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Residue Management: Making the Right Decisions
Do you have trash or treasure sitting in your field? Combines can help you execute on the decisions you make at harvest that will equal effective residue management — turning trash into treasure.
 
From trash to treasure, crop residue used to be simply the material left in the field after harvest. Now, its higher-quality name better reflects the value it holds — both as its use for the actual material, such as baled straw, and for the benefits that properly managed crop residue can offer the soil. These benefits can range from reducing wind and water erosion to increasing overall organic matter or to providing nutrient value.
 
Effective residue management starts with the decisions you make at harvest. Depending on your needs, your combine presents a great deal of liberty for leaving residue how you want it, whether that be mostly intact or finely chopped and distributed. For example, running the header as high as possible in small grains will reduce the amount of straw going through the machine, reducing the volume of ground-up straw and leaving more standing straw for erosion protection. Conversely, running the header lower will put more straw through the machine and the straw chopper, sizing more of the stems for better decomposition.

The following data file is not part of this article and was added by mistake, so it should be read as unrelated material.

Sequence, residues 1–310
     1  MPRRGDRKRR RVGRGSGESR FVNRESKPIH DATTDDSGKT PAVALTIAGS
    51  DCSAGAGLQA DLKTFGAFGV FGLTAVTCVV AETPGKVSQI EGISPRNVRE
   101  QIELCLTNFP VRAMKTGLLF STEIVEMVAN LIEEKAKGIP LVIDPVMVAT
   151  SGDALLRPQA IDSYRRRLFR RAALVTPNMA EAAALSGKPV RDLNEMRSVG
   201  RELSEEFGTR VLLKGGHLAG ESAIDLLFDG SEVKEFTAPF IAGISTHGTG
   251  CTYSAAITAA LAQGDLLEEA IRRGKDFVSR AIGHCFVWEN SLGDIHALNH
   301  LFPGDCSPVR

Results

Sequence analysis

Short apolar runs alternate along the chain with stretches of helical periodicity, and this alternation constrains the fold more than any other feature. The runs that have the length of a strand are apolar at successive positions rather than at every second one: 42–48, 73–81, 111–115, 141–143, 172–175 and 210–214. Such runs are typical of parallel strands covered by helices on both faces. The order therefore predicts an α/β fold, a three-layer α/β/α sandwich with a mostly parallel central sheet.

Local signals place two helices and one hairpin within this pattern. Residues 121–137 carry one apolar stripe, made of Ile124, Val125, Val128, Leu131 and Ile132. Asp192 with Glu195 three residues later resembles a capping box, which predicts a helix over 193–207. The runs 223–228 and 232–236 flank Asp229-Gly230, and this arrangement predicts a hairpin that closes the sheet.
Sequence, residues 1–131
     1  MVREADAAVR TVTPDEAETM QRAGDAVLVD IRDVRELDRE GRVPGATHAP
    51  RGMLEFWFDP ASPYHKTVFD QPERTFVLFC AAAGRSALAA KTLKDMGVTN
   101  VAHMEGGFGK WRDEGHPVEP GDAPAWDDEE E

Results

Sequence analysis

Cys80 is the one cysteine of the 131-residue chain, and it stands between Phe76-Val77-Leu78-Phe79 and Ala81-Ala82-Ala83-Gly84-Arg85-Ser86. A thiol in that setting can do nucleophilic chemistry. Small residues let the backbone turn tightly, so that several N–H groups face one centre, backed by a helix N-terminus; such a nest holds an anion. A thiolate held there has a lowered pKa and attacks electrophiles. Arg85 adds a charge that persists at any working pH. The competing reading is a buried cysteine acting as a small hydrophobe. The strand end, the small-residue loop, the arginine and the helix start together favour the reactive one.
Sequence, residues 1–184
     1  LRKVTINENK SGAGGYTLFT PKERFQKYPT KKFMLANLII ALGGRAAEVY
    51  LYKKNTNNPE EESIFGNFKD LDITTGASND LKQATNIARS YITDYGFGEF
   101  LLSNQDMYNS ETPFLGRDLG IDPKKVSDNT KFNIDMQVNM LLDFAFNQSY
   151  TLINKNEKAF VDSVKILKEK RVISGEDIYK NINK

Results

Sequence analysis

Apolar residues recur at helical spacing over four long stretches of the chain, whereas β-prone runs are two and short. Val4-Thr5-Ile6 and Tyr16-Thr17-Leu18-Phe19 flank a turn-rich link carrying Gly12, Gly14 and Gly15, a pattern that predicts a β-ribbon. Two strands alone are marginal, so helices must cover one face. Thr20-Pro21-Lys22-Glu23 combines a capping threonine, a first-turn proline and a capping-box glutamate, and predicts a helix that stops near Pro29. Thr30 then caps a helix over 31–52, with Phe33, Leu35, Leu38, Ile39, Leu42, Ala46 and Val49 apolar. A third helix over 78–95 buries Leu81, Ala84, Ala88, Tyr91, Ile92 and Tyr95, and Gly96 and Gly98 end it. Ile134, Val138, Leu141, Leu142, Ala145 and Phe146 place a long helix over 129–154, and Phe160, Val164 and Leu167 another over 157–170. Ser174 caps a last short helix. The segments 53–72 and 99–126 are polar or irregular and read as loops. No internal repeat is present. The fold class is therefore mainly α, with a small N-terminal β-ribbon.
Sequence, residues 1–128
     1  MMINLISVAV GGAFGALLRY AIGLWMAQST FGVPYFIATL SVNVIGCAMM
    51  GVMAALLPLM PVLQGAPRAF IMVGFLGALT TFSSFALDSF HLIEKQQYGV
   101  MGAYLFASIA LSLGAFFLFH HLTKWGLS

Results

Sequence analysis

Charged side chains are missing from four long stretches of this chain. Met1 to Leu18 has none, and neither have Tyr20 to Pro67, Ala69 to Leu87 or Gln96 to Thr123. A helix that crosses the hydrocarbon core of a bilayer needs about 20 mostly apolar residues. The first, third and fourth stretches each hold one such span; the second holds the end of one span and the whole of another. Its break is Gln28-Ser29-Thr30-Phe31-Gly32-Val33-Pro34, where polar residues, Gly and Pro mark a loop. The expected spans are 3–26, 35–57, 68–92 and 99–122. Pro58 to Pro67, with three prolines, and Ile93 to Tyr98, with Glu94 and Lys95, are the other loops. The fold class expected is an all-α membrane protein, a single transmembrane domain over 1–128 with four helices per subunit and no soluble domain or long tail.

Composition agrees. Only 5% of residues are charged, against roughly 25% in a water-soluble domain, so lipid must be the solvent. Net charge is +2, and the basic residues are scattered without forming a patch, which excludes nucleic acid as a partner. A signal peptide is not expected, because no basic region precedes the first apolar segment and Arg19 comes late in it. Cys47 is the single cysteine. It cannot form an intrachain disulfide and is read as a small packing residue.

The situation is similar when working with corn, with a slight twist. Although header height doesn’t affect the amount of material entering the combine, lower header heights pull more of the stalk through the stalk rolls in the header, which tend to crush tough stalks and open them for faster decomposition. Chopping corn heads offers the option of chopping stalks at harvest.
 
The residue-chopping and -spreading capabilities of combines are keeping pace with the increasing interest in residue management. Case IH Axial-Flow® combines now offer standard chopper and spreader options ranging from windrow to full width of cut. The larger 240 series combines offer the optional MagnaCut™ chopper to obtain chopped residue from the toughest crops.
 
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